Repetitive negative thinking longitudinally predicts the psychological adjustment of clinical psychology trainees
Iduar Dereix-Calonge, Francisco J. Ruiz, Verónica Cardona-Betancourt, and Cindy L. Flórez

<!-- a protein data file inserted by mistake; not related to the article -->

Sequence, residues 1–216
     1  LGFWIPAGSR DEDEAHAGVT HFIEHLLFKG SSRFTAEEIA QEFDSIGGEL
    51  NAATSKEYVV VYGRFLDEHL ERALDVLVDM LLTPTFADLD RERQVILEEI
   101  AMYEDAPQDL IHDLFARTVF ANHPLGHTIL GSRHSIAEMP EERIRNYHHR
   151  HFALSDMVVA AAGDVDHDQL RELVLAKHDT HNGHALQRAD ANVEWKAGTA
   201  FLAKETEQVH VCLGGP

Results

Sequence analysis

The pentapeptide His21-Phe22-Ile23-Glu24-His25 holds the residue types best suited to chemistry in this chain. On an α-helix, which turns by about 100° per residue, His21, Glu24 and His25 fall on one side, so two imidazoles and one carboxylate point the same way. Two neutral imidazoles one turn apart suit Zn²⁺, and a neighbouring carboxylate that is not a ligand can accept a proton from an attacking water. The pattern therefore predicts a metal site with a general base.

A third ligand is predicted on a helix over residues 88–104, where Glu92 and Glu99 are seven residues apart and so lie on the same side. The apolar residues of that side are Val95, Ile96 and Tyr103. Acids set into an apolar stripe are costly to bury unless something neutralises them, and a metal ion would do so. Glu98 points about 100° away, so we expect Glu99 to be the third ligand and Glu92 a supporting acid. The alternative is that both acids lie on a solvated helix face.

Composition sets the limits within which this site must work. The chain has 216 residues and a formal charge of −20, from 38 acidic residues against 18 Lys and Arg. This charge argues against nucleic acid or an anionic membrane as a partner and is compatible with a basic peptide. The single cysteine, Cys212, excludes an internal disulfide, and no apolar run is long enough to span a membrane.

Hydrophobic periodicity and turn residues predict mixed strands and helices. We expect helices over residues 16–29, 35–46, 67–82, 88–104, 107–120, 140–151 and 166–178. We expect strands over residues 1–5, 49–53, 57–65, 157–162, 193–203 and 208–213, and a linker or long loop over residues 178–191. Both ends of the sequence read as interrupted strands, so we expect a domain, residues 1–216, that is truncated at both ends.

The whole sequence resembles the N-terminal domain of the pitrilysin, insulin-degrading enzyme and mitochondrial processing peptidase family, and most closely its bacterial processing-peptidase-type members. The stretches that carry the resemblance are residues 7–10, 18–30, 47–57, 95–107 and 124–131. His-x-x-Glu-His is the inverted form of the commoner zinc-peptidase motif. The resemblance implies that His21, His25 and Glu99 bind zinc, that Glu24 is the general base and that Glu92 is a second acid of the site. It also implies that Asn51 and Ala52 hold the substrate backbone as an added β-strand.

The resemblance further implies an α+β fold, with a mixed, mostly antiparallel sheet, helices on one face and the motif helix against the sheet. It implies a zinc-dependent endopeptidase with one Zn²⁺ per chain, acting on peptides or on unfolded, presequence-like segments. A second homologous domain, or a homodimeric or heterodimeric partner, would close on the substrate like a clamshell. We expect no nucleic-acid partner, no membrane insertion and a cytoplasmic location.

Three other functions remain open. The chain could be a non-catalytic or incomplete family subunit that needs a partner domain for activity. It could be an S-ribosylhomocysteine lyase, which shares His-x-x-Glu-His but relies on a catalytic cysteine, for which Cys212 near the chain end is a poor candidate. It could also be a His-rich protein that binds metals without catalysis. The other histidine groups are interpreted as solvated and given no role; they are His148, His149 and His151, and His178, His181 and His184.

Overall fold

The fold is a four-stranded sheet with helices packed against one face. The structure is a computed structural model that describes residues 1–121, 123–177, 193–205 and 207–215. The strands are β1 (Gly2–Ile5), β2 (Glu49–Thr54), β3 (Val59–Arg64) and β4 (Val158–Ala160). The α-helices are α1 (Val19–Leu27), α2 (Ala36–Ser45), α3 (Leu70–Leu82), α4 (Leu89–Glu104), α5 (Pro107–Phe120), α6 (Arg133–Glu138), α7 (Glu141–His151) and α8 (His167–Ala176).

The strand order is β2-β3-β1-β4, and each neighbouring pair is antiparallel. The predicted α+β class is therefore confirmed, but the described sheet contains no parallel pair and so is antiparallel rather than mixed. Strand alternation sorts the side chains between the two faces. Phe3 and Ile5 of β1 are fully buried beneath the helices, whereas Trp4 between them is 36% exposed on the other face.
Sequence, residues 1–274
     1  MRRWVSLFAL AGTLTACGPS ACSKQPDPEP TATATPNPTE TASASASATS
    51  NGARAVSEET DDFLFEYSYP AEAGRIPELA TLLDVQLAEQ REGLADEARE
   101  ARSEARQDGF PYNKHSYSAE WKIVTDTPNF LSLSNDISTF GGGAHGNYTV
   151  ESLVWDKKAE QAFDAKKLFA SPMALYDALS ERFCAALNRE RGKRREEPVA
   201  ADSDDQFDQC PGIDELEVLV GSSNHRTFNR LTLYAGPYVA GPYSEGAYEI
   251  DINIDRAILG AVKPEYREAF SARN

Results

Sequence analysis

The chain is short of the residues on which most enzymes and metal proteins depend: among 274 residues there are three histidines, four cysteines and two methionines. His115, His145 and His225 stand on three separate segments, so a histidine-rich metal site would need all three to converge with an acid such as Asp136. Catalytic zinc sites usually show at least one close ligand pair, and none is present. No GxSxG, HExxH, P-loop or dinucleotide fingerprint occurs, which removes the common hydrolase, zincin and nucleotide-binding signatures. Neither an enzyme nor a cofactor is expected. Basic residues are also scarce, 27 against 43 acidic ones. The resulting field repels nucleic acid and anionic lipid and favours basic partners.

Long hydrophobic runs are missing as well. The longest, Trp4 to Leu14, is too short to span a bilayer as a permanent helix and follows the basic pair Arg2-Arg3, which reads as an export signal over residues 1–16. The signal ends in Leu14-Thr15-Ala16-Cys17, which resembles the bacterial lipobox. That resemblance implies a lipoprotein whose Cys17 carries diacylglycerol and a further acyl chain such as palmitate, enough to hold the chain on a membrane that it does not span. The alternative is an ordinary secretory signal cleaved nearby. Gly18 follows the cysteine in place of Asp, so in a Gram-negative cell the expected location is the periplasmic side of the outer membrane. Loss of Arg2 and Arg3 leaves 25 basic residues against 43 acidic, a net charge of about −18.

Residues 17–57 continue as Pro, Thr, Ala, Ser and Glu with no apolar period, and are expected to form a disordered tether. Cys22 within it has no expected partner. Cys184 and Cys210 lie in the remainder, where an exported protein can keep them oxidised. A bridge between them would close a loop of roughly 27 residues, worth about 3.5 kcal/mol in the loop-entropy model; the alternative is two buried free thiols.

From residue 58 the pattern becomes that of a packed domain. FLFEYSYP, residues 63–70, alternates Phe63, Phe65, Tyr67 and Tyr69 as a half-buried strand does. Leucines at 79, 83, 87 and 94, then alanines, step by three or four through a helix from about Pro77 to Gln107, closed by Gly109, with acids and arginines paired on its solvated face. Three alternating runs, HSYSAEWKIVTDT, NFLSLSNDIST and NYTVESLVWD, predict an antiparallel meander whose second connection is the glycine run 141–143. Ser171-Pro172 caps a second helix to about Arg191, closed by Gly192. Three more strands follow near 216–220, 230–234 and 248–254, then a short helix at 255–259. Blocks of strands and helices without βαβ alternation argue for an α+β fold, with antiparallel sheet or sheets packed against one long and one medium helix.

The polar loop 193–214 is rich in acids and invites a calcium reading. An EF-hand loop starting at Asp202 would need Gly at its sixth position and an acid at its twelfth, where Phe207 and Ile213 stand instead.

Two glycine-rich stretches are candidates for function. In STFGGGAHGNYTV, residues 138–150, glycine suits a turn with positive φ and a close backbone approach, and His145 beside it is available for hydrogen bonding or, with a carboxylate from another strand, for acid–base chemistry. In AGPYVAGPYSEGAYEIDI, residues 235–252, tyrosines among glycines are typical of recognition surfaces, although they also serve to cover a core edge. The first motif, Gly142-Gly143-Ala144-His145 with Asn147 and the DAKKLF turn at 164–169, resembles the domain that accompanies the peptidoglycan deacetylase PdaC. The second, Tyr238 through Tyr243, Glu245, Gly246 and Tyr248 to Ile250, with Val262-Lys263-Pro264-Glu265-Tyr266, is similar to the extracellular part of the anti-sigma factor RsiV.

Clinical psychology trainees often experience emotional difficulties during their clinical training. This study aims to examine the predictive ability of repetitive negative thinking (RNT) for emotional symptoms of clinical psychology trainees. A longitudinal study with 236 clinical psychology trainees was conducted. Before beginning clinical practice (T1), participants responded to measures of emotional symptoms, experiential avoidance, general RNT, and RNT focused on the clinical practice. After two months, participants responded to the measures of emotional symptoms. Bayesian regression analyses showed that the measures of emotional symptoms and RNT focused on the clinical practice at T1 predicted emotional symptoms at T2, whereas general experiential avoidance and RNT did not enter the regression models. These results show that RNT focused on the clinical practice longitudinally predicts emotional symptoms of trainees. Interventions aimed at reducing RNT focused on clinical practice might be efficacious to prevent the increase of emotional symptoms in trainees and to enhance learning during the training.